As a computational hydrologist at Oak Ridge National Laboratory, Ethan Coon combines his talent for math with his love of coding to solve big science questions about water quality, water availability for energy production, climate change, and the movement of contaminants through watersheds.
Coon creates numerical tools and software platforms for modeling and simulation experiments. His work facilitates a range of studies examining how water moves through ecosystems, both aboveground and below. He spends much of his time tailoring his code to answer a variety of scientific questions brought forward by research groups across several national laboratories.
“The national labs encourage the types of big projects and collaborations that fit well for somebody like me who brings a set of tools and wants to apply it to a question,” Coon said. “I enjoy working with other people to solve complex problems.”
Coding the physics of Arctic ice and soil
Understanding the processes at work in the changing ecosystem of the Alaskan tundra for the Next-Generation Ecosystem Experiments (NGEE) Arctic project is just the type of multifaceted challenge that Coon relishes. It was the need to create code that would represent complicated ice and soil physics—like how the melting and refreezing of water can move soil around and transform or deform landscapes—that inspired Coon and collaborators to create the framework that diverse research groups use today: the Advanced Terrestrial Simulator, or ATS.
ATS allows scientists to experiment with adding or removing processes from a simulation in order to study the effects, such as determining how sensitive water uptake in plants is to a particular process. These plug-and-play thought experiments direct scientists’ efforts by showing which factors are critical to measure and incorporate into studies, a compelling capability that helps scientists refine and accelerate their work.
The sheer complexity of nature can be overwhelming, but Coon says that his models are not meant to capture every nuance.
The goal of these models isn’t to reproduce reality most of the time,” Coon said. “It’s to capture the important parts of reality.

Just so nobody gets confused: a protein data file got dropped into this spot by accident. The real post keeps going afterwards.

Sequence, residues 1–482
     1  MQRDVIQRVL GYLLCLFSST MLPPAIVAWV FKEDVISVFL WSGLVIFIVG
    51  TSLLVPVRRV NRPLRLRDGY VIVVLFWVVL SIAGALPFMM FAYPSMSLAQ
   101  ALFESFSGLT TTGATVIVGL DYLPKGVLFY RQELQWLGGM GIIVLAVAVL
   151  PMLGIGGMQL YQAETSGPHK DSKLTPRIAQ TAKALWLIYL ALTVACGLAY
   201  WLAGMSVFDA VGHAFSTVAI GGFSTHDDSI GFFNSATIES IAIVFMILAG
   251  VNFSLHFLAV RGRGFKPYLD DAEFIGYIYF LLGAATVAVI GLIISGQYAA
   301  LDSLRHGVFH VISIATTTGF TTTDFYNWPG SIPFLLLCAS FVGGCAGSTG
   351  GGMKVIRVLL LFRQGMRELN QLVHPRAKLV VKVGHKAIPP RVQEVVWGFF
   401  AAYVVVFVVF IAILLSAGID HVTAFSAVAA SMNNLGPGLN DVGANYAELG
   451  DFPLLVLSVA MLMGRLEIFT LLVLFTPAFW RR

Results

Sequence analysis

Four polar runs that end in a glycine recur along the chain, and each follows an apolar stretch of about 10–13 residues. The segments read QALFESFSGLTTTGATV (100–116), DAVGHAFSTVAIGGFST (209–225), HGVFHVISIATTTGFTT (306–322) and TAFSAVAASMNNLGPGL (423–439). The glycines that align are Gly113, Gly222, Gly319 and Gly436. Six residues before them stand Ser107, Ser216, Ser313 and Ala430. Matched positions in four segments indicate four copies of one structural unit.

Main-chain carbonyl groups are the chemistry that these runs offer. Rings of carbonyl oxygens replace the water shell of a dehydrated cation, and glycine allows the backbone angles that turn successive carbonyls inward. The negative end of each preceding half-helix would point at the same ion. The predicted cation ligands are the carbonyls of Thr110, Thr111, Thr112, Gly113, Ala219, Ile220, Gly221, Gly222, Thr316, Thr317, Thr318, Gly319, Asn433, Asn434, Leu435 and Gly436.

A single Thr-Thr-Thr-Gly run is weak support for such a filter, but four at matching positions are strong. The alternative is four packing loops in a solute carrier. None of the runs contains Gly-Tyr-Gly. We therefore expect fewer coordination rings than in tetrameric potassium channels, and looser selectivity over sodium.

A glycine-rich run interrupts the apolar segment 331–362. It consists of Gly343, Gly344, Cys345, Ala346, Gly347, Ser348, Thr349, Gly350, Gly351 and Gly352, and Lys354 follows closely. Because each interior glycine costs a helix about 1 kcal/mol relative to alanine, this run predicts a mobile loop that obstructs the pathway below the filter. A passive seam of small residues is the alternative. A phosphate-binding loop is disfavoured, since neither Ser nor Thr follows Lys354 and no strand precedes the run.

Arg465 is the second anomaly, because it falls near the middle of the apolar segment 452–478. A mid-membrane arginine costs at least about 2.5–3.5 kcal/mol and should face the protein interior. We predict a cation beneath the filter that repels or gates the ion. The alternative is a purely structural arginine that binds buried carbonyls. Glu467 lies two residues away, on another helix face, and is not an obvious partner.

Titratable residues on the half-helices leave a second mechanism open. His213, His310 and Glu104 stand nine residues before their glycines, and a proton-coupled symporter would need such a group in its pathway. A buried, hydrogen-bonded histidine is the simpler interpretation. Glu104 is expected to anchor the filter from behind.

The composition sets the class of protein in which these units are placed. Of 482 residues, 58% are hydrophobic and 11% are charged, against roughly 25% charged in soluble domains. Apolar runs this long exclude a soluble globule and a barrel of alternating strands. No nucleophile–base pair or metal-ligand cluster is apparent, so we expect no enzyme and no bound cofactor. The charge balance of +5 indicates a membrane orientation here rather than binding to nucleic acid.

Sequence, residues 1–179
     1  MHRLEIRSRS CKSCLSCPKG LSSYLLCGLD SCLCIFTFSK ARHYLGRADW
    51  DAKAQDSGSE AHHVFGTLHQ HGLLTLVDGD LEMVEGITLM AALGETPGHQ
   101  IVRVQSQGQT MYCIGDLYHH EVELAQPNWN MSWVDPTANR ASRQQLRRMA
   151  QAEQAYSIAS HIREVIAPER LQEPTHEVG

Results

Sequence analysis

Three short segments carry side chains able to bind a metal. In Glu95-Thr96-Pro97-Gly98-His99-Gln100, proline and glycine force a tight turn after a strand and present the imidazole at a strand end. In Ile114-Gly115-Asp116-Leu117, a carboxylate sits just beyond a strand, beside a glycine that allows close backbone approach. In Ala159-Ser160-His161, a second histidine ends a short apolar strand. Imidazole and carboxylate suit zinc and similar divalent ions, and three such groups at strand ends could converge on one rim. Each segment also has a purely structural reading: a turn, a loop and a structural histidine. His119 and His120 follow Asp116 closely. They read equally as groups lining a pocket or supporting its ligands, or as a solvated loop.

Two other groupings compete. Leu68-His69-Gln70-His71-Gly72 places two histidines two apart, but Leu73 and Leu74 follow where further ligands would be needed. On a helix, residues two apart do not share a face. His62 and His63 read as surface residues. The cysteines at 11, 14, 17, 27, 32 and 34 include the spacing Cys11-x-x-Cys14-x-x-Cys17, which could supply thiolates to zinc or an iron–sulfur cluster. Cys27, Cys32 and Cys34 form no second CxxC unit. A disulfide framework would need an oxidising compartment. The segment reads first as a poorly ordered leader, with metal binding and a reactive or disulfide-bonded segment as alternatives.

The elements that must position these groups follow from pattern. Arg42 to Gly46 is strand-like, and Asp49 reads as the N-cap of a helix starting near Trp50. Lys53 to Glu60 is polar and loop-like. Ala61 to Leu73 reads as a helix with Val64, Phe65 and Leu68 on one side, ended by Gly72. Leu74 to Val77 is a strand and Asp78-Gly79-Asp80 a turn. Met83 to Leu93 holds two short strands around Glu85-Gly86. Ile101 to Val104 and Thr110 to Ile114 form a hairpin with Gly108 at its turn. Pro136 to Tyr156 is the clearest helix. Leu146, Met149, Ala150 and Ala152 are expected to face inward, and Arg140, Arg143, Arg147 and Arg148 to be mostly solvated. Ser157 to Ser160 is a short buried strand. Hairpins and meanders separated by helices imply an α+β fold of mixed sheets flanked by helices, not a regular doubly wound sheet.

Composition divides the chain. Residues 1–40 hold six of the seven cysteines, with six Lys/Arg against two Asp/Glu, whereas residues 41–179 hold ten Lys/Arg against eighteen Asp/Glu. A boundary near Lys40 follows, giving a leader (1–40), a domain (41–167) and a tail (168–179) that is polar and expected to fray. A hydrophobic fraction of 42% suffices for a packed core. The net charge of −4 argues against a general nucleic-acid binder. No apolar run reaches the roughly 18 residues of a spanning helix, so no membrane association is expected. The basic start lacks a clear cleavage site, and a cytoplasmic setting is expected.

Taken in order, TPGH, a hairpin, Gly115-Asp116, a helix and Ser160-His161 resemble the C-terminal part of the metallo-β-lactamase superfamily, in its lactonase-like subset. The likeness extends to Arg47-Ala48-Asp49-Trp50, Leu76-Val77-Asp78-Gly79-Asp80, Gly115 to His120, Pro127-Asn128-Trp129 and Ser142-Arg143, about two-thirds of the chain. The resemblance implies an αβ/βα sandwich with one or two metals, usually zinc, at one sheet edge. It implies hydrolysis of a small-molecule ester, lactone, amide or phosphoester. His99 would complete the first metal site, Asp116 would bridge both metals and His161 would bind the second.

Researchers are adopting the ATS framework for a range of projects, including examining changing water exports from Arctic river basins and looking at the interaction of water with mercury-laden riverbanks through tracer experiments.
Using machine learning, exasacle computing
Coon’s current work focuses on translating ATS into a new form compatible with exascale computing. This shift is driven, in part, by the need for more computing power to handle the big data used in these models. Dubbed ExaSheds for its combination of exascale and watersheds, the project aims to rethink the way ATS works to leverage high-performance, GPU-driven computing to solve questions of watershed dynamics.
To achieve this, Coon and his colleagues are integrating machine learning—computational analysis methods that automate the formation of a data model—into the ATS framework. The idea is to solve the physics on the most important sections of a watershed, a specific sub-basin, for instance, and use machine learning to discover the differences between that sub-basin and all the similar ones under study.
He is also working on a laboratory-funded project exploring how to bridge his regional and local models with other simulations to develop an understanding of natural systems across scales, from nanoscale environments to planet-wide processes.
The movement of water is critical across all scales. “Whether you’re looking at the carbon cycle, biogeochemical cycles, or vegetation, everything is happening on the backbone of water,” Coon said. “You can’t get any of those things right until you get the water right.”
Going with the flow
Coon grew up in a family of mathematicians and always had an interest in using the discipline as a tool to solve complex challenges. He first got his “toes wet” modeling subsurface flows as a postdoctoral researcher at Los Alamos National Laboratory (LANL), where he explored the possibility of trapping carbon dioxide in brine in old oil wells.
He had spent the previous summer at LANL as a DOE Computational Science Graduate Fellow while working toward his doctorate in applied mathematics at Columbia University. His doctoral thesis focused on earthquake modeling, using mathematical methods to understand fault networks.
Coon’s connection to earth science started in graduate school with his desire to use math to address important problems. He picked Columbia University, in part, for its connection to the Lamont Doherty Earth Observatory, as Coon was interested in environmental and climate science. His education at the School of Engineering equipped him with a keen understanding of the physics and fluid dynamics underpinning the models he creates.
It was during his time as a postdoc and later as a staff scientist at LANL that Coon developed the ATS framework that still drives his work today. He joined the Terrestrial Systems Modeling group and the Climate Change Science Institute at ORNL in 2017 as his wife, Christa Brelsford, accepted a Liane Russell Fellowship at the laboratory.
Together, they have two young children with another on the way. In their spare time, the family enjoys exploring the outdoors. Coon often sees things on nature hikes that connect with his models.
“My models operate on a scale that I can see,” Coon said. “I can walk around and see how that would fit into my code. It has changed the way I see nature.”
UT-Battelle manages ORNL for DOE’s Office of Science. The Office of Science is the single largest supporter of basic research in the physical sciences in the United States, and is working to address some of the most pressing challenges of our time. For more information, please visit https://energy.gov/science.